The priority is more rehabilitation as required. The patient should be working towards a regular diet and voiding normally at about this point in time. The decision as to when you are ready to go home is made during this time. It is based on all of the issues already described as well as clearance by the Physical Therapists. If more rehabilitation is required, we will usually transfer you to the rehabilitative unit at this point. This unit is part of the same hospital but is run by physiatrists such as Dr. Aznin. Your surgical team will visit you there but are no longer your primary (decision making) doctors for the duration of your rehabilitative stay.
The day of discharge brings a flurry of activity. Prescriptions are provided and discharge instructions reviewed. These are all provided in a written format as well. You will need to arrange for transportation home. You are allowed to ride in a regular car but make sure it is one that is easy to get in and out of. You of course, will not be allowed to drive your own vehicle home. At this time, is a good idea to already call the appointment desk at CCSI to set up your first office visit which should occur in about 10 days.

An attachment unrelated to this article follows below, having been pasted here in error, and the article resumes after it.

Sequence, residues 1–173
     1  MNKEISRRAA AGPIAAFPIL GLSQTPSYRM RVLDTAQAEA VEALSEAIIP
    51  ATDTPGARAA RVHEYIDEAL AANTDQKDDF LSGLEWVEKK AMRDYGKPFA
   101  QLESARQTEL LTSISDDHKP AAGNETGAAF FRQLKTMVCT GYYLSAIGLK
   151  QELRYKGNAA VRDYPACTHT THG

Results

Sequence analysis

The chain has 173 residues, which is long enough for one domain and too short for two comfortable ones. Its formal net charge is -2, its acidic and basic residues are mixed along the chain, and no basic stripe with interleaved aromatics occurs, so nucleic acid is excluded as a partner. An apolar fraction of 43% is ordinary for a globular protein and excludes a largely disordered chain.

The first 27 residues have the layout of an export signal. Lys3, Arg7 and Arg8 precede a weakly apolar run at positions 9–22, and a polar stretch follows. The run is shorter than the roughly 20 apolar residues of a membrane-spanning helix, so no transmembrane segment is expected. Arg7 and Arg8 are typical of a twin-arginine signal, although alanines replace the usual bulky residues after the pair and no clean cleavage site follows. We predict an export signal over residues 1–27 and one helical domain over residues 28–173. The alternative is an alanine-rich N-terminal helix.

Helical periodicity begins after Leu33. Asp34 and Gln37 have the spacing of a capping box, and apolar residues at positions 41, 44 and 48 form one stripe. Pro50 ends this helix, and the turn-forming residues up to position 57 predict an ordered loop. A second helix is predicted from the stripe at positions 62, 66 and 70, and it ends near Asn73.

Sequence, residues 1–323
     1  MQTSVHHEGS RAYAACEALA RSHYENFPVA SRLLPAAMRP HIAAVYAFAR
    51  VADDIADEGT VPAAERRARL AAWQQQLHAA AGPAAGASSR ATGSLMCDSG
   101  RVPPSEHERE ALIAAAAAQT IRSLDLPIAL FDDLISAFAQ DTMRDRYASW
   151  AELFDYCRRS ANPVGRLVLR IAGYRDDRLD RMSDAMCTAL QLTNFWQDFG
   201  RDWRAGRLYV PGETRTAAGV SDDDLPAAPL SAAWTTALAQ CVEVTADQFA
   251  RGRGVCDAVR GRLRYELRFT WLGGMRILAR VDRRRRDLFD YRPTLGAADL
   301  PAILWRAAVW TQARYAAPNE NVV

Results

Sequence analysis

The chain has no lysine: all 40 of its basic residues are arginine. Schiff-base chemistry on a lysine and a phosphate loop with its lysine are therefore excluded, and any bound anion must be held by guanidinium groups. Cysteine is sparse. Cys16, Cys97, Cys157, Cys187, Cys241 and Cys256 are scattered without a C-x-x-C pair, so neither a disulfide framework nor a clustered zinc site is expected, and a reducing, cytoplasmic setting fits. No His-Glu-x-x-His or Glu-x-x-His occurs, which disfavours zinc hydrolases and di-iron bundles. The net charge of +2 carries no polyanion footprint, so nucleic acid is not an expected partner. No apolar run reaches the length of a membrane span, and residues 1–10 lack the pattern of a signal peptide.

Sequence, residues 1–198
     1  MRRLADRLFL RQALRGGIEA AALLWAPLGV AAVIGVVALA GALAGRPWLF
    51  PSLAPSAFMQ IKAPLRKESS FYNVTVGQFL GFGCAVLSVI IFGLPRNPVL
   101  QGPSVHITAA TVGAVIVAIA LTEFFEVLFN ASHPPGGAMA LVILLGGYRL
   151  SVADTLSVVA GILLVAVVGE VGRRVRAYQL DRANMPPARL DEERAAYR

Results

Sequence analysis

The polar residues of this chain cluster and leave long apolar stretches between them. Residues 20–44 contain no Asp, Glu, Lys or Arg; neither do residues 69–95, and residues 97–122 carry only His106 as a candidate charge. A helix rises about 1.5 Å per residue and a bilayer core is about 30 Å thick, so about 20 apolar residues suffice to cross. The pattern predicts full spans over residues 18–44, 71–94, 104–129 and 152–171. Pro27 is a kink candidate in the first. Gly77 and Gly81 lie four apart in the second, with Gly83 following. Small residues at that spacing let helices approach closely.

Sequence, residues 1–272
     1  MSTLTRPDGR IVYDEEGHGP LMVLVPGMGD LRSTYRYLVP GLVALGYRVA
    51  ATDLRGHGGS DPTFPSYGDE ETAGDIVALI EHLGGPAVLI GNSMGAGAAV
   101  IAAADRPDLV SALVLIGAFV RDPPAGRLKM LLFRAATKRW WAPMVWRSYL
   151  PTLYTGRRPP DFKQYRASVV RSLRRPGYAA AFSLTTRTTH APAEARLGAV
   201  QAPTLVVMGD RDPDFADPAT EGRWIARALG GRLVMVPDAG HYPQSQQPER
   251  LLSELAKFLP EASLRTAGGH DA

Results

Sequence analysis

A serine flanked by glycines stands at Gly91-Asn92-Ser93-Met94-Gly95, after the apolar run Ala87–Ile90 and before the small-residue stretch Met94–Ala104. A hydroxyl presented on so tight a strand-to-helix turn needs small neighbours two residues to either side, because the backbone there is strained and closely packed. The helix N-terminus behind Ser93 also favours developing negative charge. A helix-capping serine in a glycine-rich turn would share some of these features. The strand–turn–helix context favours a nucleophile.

During these first few weeks, you will find yourself to be very tired. As such, you will be spending half of your time resting in bed and the other half, up and around. You will certainly be able to go to the bathroom and manage your surroundings without additional help. You will most likely be using pain medications on a routine basis. It is a good idea to have someone available to help you for the first two weeks or so at home.